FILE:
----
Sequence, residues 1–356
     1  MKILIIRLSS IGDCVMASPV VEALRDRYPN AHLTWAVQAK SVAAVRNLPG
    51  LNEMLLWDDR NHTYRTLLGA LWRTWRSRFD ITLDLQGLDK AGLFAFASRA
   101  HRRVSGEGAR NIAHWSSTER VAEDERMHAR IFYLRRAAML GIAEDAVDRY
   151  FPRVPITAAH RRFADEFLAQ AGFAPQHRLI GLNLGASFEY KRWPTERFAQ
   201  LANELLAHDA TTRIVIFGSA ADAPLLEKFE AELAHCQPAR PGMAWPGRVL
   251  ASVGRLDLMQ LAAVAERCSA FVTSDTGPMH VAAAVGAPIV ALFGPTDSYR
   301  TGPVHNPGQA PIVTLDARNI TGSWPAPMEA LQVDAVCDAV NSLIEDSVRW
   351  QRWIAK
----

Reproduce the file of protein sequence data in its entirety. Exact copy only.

Sequence, residues 1–356
     1  MKILIIRLSS IGDCVMASPV VEALRDRYPN AHLTWAVQAK SVAAVRNLPG
    51  LNEMLLWDDR NHTYRTLLGA LWRTWRSRFD ITLDLQGLDK AGLFAFASRA
   101  HRRVSGEGAR NIAHWSSTER VAEDERMHAR IFYLRRAAML GIAEDAVDRY
   151  FPRVPITAAH RRFADEFLAQ AGFAPQHRLI GLNLGASFEY KRWPTERFAQ
   201  LANELLAHDA TTRIVIFGSA ADAPLLEKFE AELAHCQPAR PGMAWPGRVL
   251  ASVGRLDLMQ LAAVAERCSA FVTSDTGPMH VAAAVGAPIV ALFGPTDSYR
   301  TGPVHNPGQA PIVTLDARNI TGSWPAPMEA LQVDAVCDAV NSLIEDSVRW
   351  QRWIAK